According to the invention, there is provided a plastic buckle consisting of a one-piece molding having a belt insertion hole defined by top and bottom walls facing each other and opposite side walls facing each other, a belt or the like member being inserted through the belt insertion hole, a lock portion defined by a U-shaped slitlike opening formed in the top wall and having a free end portion capable of elastic deformation, the free end portion of the lock portion being provided with an inner lock pawl, side holes formed in the opposite side walls and communicating with the belt insertion hole, and operating members penetrating the side holes to be inwardly elastically deformed to be brought into contact with the side portions of the lock portion to cause an upward displacement of the free end of the lock portion.
With the buckle according to the invention the operating portions are provided on its opposite sides, so that they do not increase the bulkiness of the buckle and do not cause accidental detachment when an external force is applied to them. Further, the belt or other inserted member can be readily withdrawn. Further, since the belt is locked in close contact with the bottom wall of the buckle, the cover can be locked in close contact with the buckle body.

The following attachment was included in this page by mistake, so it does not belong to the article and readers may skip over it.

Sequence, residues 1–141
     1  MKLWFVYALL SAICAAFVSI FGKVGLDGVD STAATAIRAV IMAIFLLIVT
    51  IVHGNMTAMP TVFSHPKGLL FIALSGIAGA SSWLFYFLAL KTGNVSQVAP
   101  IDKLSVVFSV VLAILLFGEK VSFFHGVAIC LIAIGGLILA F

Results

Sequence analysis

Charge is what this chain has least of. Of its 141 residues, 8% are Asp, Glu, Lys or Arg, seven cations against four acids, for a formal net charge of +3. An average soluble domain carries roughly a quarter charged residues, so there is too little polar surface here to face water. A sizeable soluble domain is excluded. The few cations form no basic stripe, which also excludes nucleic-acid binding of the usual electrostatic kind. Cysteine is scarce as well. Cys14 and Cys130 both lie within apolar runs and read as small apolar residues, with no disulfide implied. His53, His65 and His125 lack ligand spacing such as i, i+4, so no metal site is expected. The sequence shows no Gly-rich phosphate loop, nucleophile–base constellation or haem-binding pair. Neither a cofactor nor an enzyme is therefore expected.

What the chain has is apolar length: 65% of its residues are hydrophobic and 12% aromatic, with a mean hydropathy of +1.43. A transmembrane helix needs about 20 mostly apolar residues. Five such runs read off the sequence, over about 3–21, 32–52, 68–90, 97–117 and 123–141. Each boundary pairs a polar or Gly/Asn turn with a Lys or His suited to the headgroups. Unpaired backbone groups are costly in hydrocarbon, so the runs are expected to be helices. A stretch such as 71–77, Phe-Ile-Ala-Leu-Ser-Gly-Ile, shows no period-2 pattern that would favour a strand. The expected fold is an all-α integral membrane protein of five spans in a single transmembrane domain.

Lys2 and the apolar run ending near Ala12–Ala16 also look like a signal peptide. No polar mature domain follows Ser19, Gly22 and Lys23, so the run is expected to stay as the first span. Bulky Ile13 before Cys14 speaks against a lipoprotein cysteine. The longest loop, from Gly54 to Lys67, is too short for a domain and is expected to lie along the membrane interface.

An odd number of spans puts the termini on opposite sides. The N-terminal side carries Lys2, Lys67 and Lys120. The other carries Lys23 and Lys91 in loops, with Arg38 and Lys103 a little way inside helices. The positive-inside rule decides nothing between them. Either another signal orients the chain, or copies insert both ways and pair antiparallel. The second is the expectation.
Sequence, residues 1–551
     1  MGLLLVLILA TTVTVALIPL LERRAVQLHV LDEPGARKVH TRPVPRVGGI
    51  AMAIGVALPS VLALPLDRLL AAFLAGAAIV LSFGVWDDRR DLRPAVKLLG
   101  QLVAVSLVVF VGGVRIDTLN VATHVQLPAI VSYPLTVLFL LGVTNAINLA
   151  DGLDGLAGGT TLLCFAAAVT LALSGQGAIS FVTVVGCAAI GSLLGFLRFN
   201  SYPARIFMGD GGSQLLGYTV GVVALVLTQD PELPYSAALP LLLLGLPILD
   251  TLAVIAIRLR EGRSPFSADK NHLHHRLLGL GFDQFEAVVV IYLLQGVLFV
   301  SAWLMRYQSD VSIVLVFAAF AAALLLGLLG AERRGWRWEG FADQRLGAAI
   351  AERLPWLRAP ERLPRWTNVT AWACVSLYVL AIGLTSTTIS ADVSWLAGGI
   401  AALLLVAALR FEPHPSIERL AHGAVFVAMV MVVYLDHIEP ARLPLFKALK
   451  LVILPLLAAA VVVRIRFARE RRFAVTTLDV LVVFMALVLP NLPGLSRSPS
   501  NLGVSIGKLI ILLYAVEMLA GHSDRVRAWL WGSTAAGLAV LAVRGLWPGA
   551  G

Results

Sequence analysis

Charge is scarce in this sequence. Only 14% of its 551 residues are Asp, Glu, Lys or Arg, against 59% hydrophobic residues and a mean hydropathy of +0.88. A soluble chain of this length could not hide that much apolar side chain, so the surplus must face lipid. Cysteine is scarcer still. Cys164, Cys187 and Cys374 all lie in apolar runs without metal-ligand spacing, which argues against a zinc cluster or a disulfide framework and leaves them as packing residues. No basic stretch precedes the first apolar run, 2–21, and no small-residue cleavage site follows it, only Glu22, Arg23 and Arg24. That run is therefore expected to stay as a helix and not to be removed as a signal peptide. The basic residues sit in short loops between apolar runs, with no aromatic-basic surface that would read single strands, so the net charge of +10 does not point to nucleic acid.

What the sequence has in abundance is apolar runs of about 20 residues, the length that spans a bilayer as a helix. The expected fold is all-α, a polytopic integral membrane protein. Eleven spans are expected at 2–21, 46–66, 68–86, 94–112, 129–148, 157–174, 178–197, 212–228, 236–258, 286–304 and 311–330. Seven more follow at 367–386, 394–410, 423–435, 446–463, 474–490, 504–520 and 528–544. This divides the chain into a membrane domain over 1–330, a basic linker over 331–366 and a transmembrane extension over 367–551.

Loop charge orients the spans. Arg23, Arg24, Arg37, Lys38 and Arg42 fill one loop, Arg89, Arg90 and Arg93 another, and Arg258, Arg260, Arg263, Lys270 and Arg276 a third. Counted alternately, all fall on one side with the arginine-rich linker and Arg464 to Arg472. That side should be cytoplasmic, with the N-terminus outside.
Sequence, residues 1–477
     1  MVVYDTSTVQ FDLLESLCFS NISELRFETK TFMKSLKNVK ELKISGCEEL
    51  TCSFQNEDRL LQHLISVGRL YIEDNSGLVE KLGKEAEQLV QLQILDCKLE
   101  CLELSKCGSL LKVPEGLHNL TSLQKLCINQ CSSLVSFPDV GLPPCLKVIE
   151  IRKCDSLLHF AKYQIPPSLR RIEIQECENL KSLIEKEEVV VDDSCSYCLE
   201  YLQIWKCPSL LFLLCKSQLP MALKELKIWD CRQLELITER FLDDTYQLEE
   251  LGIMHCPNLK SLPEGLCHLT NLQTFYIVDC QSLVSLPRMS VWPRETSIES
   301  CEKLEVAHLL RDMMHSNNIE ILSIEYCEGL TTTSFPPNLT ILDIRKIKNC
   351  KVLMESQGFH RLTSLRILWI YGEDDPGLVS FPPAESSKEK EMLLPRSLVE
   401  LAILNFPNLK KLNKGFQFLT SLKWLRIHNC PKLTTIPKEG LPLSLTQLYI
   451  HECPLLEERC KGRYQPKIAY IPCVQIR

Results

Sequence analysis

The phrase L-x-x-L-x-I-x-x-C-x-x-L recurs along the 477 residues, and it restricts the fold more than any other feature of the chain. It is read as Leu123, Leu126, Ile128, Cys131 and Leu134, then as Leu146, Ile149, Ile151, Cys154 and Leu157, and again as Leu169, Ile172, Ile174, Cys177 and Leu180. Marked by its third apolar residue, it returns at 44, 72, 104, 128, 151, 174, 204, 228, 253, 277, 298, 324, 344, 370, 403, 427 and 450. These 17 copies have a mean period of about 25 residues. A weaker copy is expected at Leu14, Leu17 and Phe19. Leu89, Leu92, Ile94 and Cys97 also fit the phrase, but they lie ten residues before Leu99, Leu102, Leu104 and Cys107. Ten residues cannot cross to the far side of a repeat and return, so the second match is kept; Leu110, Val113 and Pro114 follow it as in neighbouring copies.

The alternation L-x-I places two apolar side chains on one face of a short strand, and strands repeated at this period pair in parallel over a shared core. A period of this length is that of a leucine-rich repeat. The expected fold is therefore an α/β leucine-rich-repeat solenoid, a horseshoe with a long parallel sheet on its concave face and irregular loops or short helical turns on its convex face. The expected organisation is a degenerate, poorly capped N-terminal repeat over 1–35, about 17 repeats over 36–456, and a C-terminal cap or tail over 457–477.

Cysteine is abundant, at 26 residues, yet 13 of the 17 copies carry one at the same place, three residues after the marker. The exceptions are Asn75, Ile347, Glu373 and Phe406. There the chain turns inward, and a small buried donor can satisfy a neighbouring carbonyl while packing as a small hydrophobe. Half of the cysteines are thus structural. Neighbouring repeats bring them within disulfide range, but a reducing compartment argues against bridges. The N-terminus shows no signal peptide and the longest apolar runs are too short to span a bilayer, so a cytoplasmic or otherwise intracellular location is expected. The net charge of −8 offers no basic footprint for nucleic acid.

The above and other objects and features of the invention will become more apparent from the following detailed description with reference to the accompanying drawings.
FIG. 1(a) is a perspective view showing a prior art example of the buckle;
FIG. 1(b) is a sectional view showing the buckle of FIG. 1(a) in use;
FIG. 2(a) is a perspective view showing a different prior art example of the buckle;
FIG. 2(b) is a sectional view taken along line IIb--IIb in FIG. 2(a);
FIG. 2(c) is a sectional view taken along line IIc--IIc in FIG. 2(a);
FIG. 2(d) is a sectional view showing the buckle shown in FIG. 2(a) with operating projections depressed;
FIG. 3 is a perspective view showing an embodiment of the buckle according to the invention;
FIG. 4 is a perspective view, partly broken away, showing the buckle of FIG. 3;
FIG. 5 is a sectional view taken along line V--V in FIG. 3;
FIG. 6 is a sectional view taken along line VI--VI in FIG. 3;
FIG. 7 is a perspective view showing the buckle shown in FIG. 3 with the belt locked;
FIG. 8 is an elevational sectional view showing the buckle shown in FIG. 3 with the operating projections pushed in;
FIG. 9 is a side sectional view showing the same buckle;
FIG. 10 is a perspective view showing a different embodiment of the buckle according to the invention; and
FIG. 11 is a sectional view taken along line XI--XI shown in FIG. 10.